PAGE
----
Jean Be and Manda picked us up from the airport, which had one runway; we got to the end of the landing strip and our plane turned around to get back to the terminal. Customs was a fiasco; luckily we were first in line, then second in line, and after we got to fourth in line, we decided to do as the Malagasy do and just cut in line back to first. We changed over some money, got a huge stack of half a million ariary and walked out to meet Jean Be and Manda. I’m very impatient and Jean Be decided to recount the entire trip pamphlet for us even though Carmen had already meticulously read the tour itinerary. I pretended to listen many times. We finally hit the road to head to our hotel to get some snoozydoodles done before heading to the bus station in the morning.

At the hotel, we got our first taste of Madagascar, where there are power outages every night. The hotel was ok — not good, not bad, and worked just fine for our purpose: sleeping. In the morning we met Manda and Jean Be and went to the bus depot, which was a dirty market that happened to have mini buses leaving from it. We were there for about two hours before we finally hit the road with a bus packed with people.

Loading up our mini-bus
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The bus took off around 8 am. The trip, at least I thought so, was going to take 14 hours; we would arrive in Miandrivazo and then get on our canoe for a two night three day paddle. We stopped around four hours in for some food (I got duck) and was told we were half way. I was excited. Apparently, the 14 hour trip was was on the way back. The drive was largely uneventful; the bus was full, Carmen got motion sickness a little bit, the women next to Manda was eating mangos for much of the trip. We stopped for gas at one point; all the men got to pee in the bushes.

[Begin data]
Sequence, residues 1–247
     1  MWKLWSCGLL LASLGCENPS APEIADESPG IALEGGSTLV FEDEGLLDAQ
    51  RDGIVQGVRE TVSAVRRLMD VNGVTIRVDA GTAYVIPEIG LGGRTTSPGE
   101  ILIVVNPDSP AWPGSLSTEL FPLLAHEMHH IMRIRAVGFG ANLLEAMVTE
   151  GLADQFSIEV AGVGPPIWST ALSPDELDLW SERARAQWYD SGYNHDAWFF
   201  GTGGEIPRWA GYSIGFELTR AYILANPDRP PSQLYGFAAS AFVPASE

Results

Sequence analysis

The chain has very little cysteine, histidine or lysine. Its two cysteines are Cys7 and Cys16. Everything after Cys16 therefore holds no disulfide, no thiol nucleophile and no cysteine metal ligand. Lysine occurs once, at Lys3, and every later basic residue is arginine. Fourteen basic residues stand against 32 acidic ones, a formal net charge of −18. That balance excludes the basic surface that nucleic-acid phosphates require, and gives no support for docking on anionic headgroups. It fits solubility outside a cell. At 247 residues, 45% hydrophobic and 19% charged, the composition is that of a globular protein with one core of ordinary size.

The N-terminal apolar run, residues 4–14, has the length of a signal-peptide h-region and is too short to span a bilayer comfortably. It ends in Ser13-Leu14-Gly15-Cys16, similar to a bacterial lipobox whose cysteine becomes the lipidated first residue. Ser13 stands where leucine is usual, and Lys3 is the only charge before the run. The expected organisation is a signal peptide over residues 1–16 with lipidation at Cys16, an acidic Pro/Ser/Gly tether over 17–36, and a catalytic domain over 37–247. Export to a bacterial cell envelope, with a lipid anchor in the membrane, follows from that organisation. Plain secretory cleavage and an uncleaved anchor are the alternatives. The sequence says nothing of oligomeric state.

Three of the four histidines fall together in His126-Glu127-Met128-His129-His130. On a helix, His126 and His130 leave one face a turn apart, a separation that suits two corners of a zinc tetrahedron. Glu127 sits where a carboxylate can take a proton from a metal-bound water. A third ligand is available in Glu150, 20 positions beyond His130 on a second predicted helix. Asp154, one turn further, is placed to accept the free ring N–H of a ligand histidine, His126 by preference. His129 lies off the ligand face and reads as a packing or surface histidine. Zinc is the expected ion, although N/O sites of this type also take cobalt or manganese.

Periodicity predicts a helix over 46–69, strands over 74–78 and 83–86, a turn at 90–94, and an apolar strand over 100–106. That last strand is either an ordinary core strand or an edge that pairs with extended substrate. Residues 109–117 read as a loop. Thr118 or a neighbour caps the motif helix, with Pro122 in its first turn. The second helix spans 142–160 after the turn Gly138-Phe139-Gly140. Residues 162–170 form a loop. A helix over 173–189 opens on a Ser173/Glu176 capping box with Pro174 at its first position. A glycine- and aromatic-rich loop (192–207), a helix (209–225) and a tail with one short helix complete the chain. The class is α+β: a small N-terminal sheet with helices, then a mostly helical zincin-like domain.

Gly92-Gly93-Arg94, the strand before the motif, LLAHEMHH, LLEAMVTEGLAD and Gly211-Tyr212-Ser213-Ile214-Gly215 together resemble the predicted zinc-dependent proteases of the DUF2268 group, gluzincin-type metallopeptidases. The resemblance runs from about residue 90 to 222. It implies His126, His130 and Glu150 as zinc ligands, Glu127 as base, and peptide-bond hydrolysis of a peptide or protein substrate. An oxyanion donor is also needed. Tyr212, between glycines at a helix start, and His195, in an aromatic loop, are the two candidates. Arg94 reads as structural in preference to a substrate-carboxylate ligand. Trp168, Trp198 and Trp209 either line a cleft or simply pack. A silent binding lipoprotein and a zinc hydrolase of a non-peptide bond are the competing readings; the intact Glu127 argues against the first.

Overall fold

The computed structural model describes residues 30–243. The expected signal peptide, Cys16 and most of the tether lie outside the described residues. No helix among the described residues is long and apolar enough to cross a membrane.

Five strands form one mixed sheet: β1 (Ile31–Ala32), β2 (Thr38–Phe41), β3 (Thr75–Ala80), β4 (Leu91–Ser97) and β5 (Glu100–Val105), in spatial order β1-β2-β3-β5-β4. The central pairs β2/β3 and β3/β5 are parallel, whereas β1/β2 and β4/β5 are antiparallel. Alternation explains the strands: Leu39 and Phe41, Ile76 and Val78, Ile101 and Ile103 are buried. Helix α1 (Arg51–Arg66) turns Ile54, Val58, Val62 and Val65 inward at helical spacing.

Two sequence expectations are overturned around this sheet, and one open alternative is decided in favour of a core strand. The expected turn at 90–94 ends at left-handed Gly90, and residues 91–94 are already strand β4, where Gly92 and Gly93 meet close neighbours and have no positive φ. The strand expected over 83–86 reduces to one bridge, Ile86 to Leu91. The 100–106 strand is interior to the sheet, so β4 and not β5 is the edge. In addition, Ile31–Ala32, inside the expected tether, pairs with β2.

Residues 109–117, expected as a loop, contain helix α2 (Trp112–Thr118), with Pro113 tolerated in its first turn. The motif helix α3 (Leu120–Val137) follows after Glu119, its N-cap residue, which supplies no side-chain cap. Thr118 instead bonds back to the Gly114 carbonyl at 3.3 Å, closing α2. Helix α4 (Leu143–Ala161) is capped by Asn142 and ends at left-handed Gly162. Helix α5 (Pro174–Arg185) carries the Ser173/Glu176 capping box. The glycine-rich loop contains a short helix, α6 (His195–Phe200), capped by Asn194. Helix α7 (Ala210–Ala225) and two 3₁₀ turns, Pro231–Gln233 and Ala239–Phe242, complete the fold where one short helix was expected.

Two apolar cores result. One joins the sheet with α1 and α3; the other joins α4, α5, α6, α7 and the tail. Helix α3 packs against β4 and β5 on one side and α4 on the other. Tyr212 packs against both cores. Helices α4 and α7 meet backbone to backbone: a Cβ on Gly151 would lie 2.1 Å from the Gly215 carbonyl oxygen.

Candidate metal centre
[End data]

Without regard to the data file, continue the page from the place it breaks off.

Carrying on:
These dogs received pets
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Miandrivazo
Hasselblad 501c | Bergger Pancro 400

We got to Miandrivazo, walked to our hotel, had dinner, sat in the darkness for the power outages, and I shot some longos. We also gave some instax photos to the kids in the area, also I can absolutely guarantee that a dog got a number of pets from me. We also were given some information about our trip the following days from Manda: Keep our wallets and passports on us at all times, there are robbers on the river. Apparently our bodyguard was not responding to Manda’s calls and he was a bit worried. I figured let’s just go for it, Carmen was much more apprehensive. Manda said it wouldn’t be a big deal and we probably would not get robbed.